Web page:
Along with J. G. Fichte and F. W. J. von Schelling, Hegel (1770-1831) belongs to the period of “German idealism” in the decades following Kant. The most systematic of the post-Kantian idealists, Hegel attempted, throughout his published writings as well as in his lectures, to elaborate a comprehensive and systematic ontology from a “logical” starting point. He developed a dialectical method, which can be seen as an extended version of logic. He is perhaps most well-known for his teleological account of history, an account which was later taken over by Marx and “inverted” into a materialist theory of an historical development culminating in communism. For most of the twentieth century, the “logical” side of Hegel’s thought had been largely forgotten, but his political and social philosophy continued to find interest and support. However, since the 1970s, a degree of more general philosophical interest in Hegel’s systematic thought has also been revived.
Born at Stuttgart, Hegel studied at Tübingen, where his contemporaries included Schelling and the poet Hölderlin. After holding positions as a tutor he went to Jena in 1801 as a Privatdozent in philosophy. While in Jena he collaborated with Schelling in editing the Kritisches Journal der Philosophie, to which he contributed many articles. Promoted to a chair in 1805, he then was forced to leave Jena because of the Napoleonic war, became editor of a newspaper, and from 1807 spent eight years as director of the Gymnasium in Nürnberg. In 1816 he became professor of philosophy at Heidelberg. Two years later he succeeded Fichte as a professor in Berlin and entered into his most famous and influential period. Hegel attracted great numbers of foreign students to Berlin, and had an unparalleled influence on German philosophy in the 19th century. He was also the central philosophical influence on Marx and Engels, and on English philosophy in the absolute idealist phrase, and although his reputation in the Anglo-American world has suffered periods of eclipse, he continues to be a focal point for many thinkers.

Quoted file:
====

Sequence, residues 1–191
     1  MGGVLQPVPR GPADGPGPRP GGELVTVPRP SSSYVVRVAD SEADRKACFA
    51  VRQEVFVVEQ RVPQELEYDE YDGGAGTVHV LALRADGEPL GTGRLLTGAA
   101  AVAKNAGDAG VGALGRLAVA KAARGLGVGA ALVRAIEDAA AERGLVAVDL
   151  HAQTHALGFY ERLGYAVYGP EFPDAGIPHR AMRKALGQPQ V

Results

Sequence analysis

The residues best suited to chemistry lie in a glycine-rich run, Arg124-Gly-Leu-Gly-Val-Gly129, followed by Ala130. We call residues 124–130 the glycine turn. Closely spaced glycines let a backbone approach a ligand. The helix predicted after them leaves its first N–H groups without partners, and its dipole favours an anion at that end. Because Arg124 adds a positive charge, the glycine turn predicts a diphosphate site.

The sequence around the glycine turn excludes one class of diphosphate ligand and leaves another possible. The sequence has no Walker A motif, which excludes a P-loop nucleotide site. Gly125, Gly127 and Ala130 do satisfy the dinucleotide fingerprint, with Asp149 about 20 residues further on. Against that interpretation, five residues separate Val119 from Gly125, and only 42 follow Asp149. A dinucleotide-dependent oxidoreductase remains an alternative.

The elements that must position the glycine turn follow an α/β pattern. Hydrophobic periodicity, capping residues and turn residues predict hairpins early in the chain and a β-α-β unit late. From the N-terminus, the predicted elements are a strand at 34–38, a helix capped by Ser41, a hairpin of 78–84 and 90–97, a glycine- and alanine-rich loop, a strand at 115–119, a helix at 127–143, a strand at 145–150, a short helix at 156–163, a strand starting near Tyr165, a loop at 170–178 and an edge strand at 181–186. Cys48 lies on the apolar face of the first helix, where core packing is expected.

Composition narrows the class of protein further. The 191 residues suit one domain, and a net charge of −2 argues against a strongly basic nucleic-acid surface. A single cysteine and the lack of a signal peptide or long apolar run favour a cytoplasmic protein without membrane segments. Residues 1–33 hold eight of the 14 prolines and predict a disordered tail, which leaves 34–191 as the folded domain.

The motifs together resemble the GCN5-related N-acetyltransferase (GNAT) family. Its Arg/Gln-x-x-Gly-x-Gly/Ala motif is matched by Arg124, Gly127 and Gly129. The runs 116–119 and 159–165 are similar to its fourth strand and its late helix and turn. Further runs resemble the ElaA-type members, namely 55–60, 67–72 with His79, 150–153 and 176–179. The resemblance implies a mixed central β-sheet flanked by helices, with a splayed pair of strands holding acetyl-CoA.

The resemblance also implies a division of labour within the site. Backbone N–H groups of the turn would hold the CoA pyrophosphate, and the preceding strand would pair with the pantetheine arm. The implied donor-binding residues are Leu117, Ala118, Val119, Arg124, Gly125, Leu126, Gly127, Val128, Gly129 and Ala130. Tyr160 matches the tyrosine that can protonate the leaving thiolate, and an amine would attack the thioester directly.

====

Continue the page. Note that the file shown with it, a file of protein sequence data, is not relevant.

- The Phenomenology of Mind (1807)
- The Objective Logic (1812-13)
- The Subjective Logic (1816)
- Encyclopedia of the Philosophical Sciences in Outline (1817)
- Philosophy of Right (1821)
Reconstructed lecture courses
- Philosophy of Religion (1832)
- History of Philosophy (1833,1836)
- Philosophy of Fine Arts (1835,1838)
- Philosophy of History (1837)
More Texts from Hegel on this site:
- Hegel Glossary
- Hegel Quotes
- Hegel: Encyclopedia of the Philosophical Sciences. 1830.
- Hegel: Phänomenologie des Geistes. (1807)
- Hegel’s Grand Synthesis: A Study of Being, Thought, and History.
- Hegelian Concepts
- Preface to the Phenomenology of the Spirit
- Phänomenologie des Geistes, Kapitel VIII: Das absolute Wissen
- Vorrede zur Phänomenologie des Geistes
- Hegel: Absolute Knowledge
(Here is a Hegel site that has the major texts from Hegel, as well as the German originals. )